- refreshAfterWrite : after this period, the object will be refreshed using the loadCache method. (with our new price)
  2. getEntry(String productId) method : will return the object with given key. So in this example, the cache is not loaded all at once, but only when the object is needed.
  3. loadCache(String productId) : will load the product and add it to the cache, or replace it if it’s already there and needs to be refreshed.

That’s all there is to it !

A few other remarks on the code

  1. There are other mechanism like expire/refresh AfterRead, which will time only from the last read, or let the cache hold only a certain no. of objects,…
  2. This code is implemented as a session bean. To make a singleton, I’m using EJB 3 annotation @Singleton. Because I only want 1 cache in my application
  3. My DAO is also injected using the @EJB annotation
  4. The LoadingCache does not want any null objects in the map (returns an error), so I’m using the Guava ‘Optional’ class here. This is basically a wrapper for my object and used to check if there is a value for my product id or not. So if someone uses a wrong productId, my cache will indicate that there is no product for this id, and I don’t have to go to the database every time it is requested.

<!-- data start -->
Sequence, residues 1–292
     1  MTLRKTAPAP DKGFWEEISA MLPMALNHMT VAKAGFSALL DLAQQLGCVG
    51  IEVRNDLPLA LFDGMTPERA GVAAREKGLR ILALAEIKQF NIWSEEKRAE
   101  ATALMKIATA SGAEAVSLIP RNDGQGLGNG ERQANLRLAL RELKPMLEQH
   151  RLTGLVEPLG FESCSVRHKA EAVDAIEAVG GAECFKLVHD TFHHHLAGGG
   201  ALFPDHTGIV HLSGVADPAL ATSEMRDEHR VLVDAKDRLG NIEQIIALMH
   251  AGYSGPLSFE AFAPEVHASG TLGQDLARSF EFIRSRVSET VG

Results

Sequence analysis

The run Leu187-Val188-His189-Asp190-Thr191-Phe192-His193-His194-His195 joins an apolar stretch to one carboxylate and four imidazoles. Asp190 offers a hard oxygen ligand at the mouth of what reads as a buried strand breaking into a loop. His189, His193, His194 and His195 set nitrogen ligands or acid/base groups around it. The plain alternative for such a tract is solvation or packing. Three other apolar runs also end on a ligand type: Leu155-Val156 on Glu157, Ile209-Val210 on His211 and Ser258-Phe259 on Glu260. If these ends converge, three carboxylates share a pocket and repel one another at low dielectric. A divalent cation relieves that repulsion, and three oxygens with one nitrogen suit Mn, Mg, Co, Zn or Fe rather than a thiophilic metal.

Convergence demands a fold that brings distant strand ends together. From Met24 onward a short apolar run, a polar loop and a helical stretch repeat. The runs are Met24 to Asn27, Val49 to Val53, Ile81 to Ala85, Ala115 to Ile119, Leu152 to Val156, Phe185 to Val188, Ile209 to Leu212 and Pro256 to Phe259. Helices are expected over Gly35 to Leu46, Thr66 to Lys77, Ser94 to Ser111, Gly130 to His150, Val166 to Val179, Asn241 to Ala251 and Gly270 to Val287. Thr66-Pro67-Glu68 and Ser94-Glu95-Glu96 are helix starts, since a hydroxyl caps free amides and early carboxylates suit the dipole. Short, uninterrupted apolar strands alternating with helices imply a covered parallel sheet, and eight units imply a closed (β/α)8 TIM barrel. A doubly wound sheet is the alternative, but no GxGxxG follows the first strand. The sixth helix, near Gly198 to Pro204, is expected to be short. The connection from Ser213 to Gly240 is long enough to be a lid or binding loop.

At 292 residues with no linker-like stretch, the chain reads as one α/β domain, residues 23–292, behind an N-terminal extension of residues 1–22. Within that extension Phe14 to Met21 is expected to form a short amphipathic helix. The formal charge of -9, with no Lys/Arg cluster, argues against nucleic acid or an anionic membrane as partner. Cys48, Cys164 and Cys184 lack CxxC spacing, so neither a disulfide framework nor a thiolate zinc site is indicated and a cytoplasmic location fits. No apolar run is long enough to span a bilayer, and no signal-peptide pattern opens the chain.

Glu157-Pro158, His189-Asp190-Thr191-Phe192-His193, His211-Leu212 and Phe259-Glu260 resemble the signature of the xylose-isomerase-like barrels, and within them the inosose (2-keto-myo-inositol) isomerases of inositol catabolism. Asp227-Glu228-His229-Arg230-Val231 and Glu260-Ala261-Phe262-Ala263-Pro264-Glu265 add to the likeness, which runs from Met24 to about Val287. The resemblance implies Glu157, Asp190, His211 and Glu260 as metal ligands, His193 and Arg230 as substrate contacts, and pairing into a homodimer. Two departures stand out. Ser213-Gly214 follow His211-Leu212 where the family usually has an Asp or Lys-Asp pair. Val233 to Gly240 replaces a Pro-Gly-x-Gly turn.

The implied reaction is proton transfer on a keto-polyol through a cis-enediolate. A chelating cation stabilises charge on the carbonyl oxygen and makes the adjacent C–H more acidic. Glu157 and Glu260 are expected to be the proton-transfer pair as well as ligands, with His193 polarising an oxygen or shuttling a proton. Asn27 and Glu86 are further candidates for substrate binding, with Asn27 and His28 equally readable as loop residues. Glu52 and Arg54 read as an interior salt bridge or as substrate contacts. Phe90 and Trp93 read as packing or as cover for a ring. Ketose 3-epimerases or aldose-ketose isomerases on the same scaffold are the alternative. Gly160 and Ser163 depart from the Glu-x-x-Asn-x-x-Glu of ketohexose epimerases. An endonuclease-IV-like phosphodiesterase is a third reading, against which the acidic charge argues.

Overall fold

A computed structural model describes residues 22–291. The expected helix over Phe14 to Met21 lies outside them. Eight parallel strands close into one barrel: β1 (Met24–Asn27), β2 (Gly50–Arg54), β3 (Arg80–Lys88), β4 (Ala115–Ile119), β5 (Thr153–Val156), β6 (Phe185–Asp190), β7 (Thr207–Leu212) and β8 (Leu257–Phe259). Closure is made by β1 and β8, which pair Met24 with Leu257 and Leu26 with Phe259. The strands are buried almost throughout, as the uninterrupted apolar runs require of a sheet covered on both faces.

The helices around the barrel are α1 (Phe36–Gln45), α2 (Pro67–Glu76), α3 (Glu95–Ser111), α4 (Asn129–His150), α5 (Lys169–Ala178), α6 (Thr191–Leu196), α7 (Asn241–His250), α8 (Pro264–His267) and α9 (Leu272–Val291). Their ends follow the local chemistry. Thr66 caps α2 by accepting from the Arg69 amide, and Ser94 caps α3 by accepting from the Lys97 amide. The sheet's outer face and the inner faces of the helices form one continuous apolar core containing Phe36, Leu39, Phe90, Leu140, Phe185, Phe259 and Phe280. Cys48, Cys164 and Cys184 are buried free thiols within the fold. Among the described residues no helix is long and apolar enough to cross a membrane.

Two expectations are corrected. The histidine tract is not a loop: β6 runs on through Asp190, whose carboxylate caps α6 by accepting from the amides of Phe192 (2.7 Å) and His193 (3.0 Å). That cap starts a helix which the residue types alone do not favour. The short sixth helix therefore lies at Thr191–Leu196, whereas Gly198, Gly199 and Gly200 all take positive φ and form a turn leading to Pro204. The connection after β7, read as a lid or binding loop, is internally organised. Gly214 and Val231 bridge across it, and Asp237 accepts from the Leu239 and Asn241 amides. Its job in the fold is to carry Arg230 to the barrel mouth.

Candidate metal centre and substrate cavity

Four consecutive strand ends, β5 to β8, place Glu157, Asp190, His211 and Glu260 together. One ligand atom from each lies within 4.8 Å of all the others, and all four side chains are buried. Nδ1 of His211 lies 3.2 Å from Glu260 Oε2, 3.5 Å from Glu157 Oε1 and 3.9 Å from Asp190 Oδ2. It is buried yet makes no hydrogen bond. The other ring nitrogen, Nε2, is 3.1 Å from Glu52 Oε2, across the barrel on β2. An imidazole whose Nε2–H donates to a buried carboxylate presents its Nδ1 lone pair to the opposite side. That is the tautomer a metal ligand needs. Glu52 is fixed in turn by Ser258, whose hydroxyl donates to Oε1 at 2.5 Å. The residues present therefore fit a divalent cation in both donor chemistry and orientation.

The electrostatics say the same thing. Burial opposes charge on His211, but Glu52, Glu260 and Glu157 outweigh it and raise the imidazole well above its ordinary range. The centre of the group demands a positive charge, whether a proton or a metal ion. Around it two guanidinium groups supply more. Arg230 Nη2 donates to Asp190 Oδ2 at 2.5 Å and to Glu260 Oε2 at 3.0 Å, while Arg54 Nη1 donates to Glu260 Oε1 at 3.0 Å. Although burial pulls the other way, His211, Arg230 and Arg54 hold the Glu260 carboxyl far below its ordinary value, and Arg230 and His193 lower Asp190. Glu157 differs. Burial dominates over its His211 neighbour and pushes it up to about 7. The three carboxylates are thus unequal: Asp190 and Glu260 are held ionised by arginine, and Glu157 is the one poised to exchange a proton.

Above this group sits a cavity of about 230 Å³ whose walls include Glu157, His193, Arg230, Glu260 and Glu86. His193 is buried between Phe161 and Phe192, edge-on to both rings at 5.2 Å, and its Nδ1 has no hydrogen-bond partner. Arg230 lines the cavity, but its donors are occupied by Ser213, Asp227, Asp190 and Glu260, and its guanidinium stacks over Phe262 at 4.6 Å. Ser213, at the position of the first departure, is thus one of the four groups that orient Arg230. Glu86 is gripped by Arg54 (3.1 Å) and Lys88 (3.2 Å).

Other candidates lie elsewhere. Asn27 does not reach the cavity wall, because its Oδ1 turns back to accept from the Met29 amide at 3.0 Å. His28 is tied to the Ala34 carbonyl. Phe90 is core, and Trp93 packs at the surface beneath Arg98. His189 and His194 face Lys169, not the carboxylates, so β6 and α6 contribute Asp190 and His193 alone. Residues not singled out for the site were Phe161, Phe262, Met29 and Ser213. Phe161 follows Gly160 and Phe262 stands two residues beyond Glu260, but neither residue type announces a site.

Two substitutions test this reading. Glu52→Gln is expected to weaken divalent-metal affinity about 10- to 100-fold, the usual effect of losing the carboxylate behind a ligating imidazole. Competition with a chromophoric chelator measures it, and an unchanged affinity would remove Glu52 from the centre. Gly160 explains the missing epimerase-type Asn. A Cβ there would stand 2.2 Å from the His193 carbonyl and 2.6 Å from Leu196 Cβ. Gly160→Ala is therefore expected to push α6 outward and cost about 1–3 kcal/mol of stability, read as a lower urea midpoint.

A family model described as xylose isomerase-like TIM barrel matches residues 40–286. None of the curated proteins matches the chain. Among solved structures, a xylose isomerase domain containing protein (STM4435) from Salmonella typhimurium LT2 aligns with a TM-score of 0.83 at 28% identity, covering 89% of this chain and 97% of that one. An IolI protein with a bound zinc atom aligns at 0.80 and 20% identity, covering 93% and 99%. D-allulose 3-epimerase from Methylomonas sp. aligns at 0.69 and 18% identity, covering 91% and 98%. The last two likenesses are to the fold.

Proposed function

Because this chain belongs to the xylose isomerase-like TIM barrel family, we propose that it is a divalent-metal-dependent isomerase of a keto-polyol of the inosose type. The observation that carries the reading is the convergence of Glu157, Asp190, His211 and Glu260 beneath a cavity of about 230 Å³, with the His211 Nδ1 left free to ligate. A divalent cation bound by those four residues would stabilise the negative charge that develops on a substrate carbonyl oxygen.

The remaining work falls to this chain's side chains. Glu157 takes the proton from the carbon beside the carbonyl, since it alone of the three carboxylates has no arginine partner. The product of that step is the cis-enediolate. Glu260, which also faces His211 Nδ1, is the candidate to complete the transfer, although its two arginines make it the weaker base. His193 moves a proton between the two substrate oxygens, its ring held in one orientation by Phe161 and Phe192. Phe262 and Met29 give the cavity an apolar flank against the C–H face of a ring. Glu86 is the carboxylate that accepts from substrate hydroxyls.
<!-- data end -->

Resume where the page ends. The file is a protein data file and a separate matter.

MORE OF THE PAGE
To conclude:

Programming a caching mechanism in a JEE environment is not as trivial as it may seem. Testing it in a multithreaded environment is even more difficult. The caching classes of Guave gives you ready-to-use solution. It’s programmed, tested and used by Google, so I think we can say in all honesty : this is proven technology.

A remark on deploying on Weblogic 12c:

Weblogic also uses the Guava libraries, but an older version. This causes following error on deployment :

java.lang.NoSuchMethodError: com.google.common.util.concurrent.MoreExecutors.sameThreadExecutor()

Lcom/google/common/util/concurrent/ListeningExecutorService;

Adding the following to your weblogic-application.xml will solve the problem (force weblogic to use your deployed Guava libraries :

<wls:prefer-application-packages>
<wls:package-name>
com.google.common.*
</wls:package-name>
<wls:prefer-application-packages>

Guava libraries run under Apache license, more info/download can be found on :

https://code.google.com/p/guava-libraries/

Have fun !